Recruiting publishers: the new skills media businesses needMatt D'Cruz
During the course of the last few weeks I’ve had many conversations with senior figures across the media sector about how publishing companies are changing. The majority of these conversations have been wide-raging, they have examined print-to-digital transitions, and the recruitment challenges produced by those adjustments.
One conversation with a magazine company stands out, and does so because of a single thing I was told:
“I’m not particularly interested in recruiting publishers any more,” said the senior executive. “I want commercial heads with an entrepreneurial mindset.”
Before any publishers fall into a dark funk, it’s not a sign that your job is about to disappear; it’s simply a reflection of changing times in the magazine business.
Despite multiple attempts over the years to do away with this layer of management it has always proved difficult, if not impossible. Why? Because there’s always likely to be a demand for someone to run a single brand or stable of brands.
It’s the nature of those brands that’s changing – and these changes are so rapid that media owners are now looking for different skills. If you think how print launches are likely to be few and far between over the next handful of years, you get an idea of why that change has come about.
So who are the people best equipped to take on these new challenges? Well, the people with the necessary skill sets are as likely to be working in start-ups, tech giants, or retailers as they are in media companies.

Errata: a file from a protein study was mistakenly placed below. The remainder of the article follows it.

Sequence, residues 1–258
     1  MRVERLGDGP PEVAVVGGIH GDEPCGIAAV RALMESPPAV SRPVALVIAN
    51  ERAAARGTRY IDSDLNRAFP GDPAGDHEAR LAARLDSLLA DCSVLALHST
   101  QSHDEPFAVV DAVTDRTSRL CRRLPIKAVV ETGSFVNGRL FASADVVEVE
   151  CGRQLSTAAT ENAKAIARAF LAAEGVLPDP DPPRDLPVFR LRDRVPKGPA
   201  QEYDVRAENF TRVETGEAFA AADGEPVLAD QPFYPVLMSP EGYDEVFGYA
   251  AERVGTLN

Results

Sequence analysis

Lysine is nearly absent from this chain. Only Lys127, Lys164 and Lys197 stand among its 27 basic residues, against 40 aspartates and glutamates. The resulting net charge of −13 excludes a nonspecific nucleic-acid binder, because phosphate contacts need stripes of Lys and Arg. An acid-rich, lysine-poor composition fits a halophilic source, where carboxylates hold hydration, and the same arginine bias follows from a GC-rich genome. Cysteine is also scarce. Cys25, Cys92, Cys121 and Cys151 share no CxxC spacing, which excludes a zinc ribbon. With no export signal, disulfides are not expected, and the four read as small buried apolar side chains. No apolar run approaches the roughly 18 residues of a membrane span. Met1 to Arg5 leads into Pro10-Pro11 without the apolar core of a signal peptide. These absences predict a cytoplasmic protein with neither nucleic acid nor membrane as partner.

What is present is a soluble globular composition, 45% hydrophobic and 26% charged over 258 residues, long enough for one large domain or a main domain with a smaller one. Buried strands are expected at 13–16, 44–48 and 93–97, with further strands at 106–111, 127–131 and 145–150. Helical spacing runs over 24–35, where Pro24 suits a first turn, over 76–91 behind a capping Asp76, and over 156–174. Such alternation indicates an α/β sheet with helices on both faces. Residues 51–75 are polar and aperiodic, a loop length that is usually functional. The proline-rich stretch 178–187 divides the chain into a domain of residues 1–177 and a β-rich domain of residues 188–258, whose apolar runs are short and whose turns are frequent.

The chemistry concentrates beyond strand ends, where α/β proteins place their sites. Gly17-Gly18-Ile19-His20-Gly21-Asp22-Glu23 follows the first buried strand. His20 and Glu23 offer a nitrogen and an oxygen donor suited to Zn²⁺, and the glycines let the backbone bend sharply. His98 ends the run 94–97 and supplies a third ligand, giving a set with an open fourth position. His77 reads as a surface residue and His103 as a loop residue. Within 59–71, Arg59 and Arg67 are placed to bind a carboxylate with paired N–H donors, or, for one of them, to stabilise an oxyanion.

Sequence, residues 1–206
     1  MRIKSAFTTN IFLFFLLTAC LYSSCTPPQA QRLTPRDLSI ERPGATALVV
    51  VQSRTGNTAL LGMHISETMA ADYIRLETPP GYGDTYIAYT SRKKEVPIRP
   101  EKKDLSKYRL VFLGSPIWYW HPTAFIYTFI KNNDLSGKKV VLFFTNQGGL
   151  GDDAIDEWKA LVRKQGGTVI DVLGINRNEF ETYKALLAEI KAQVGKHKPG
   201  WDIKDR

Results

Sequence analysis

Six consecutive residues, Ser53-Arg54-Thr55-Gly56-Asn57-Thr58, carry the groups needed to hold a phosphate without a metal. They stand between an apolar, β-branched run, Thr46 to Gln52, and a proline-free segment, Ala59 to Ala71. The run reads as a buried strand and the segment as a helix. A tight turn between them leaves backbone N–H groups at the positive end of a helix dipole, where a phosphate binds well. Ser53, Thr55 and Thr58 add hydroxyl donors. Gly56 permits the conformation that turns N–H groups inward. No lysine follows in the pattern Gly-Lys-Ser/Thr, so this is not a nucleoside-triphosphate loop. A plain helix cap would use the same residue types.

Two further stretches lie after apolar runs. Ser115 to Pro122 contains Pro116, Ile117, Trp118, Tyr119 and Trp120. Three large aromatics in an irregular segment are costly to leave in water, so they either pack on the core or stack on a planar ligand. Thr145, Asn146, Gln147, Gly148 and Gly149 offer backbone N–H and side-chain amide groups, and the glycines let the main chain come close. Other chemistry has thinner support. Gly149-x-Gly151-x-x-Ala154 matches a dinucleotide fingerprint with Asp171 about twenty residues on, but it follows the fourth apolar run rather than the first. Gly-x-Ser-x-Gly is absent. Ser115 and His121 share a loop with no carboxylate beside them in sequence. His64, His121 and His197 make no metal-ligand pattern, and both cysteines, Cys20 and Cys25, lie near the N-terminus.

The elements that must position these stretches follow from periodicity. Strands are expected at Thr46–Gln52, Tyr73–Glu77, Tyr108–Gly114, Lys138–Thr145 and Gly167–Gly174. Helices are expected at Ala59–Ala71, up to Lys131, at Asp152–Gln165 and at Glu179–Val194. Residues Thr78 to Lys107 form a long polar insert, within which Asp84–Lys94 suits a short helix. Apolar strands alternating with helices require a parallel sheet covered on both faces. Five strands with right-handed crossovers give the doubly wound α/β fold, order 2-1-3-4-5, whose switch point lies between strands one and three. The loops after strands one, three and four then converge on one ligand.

If you’re a publisher – or currently working outside the magazine sector – it’s a question emphasising the right things on your CV to show executives the qualities you have for these new roles. And there are a lot of things to bear in mind:
– How is your product launch experience?
– Can you point to a track record of launching multiple brand extensions?
– Not just events, and websites, but apps and e-commerce offerings?
– Do you understand how to build compelling content propositions around each of these?
– Are you able to show you understand the challenges thrown up by decisions that are increasingly data-driven?
– Do you have the vision not to be solely reliant on the data?
– And most importantly, how in touch are you with your market? How much time do you spend talking to, or otherwise getting to understand your customers?
In an increasingly competitive marketplace, these are the things that will help you stand out.